In her article, Ms. Ding Zilin wrote: People should not only remember Duan Changlong’s name, but also remember the name of a brave mother. Her name is Zhou Shuzhuang. She was the first among our group of "Tiananmen Mothers" to come forward and one of the first victims to come to the media. She campaigned unceasingly for the sake of the the unjust victims and for our suffering group, and never flinched in the face of despotic power.
In August 1995, Mr. Jiang Peikun and Ms. Ding Zilin were illegally imprisoned and detained in Wuxi, Jiangsu Province. Shuzhuang signed a group protest letter and, through overseas media, came forward to angrily condemn the government authorities' groundless slander and persecution of the couple. In 1998, the Beijing Municipal Public Security Bureau notified the Bank of China in Wuxi to freeze a June Fourth humanitarian donation deposited in the bank in the name of Ding Zilin. In addition to signing a protest letter, Shuzhuang went to the Ministry of National Security with Zhang Xianling and more than a dozen other victims' families in order to negotiate with the relevant officials.
1999 was the tenth anniversary of the June Fourth tragedy. For the families of the June Fourth victims, this was the saddest yet most critical year. On May 17 of that year, 108 of our "June 4th" victims submitted an indictment against the executioner Li Peng to the Supreme People's Procuratorate. For this reason, Ms. Zhou Shuzhuang, despite her frail health, accepted countless interviews from overseas media and harshly accused the killers of their crimes against humanity. She eventually fell ill from cerebral thrombosis due to being overwhelmed.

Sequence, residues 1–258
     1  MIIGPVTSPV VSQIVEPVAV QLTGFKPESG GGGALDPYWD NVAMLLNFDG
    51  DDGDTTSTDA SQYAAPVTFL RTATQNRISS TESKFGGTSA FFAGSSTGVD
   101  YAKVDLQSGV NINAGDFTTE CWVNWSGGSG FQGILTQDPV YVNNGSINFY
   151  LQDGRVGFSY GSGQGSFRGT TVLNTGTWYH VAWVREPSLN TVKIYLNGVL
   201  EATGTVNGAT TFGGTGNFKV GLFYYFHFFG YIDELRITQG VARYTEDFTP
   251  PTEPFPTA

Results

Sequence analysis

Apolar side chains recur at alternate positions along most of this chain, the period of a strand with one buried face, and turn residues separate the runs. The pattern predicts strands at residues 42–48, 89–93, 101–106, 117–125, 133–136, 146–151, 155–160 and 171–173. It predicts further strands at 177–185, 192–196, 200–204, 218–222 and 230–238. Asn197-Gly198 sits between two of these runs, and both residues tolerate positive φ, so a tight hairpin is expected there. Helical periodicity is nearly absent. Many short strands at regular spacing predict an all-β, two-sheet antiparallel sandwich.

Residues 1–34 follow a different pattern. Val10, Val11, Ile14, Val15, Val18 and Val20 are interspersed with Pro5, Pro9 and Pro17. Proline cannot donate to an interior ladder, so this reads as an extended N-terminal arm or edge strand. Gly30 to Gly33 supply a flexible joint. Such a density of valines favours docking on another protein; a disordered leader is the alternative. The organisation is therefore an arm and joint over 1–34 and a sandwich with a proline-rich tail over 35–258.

Her son's grave is in Wan’an Cemetery. Every year on June Fourth—except for the last two years, when she was unable to go to Wan’an Cemetery for memorial services due to physical reasons—she would always go there. Even when she was in a wheelchair, she would have her family members push her there. This was a faith she could not give up, and every year on this day she would go to see her beloved son. A mother’s grief arises spontaneously, and as the painful years continued one by one, she was accompanied by endless tears. What a cruel event it is for a mother to lose her son! Nothing could be more sorrowful than this.
Rest in peace, Ms. Zhou Shuzhuang! Your daughter and all the living people in our community will never forget your unfulfilled wishes, and will firmly persevere in carrying them on!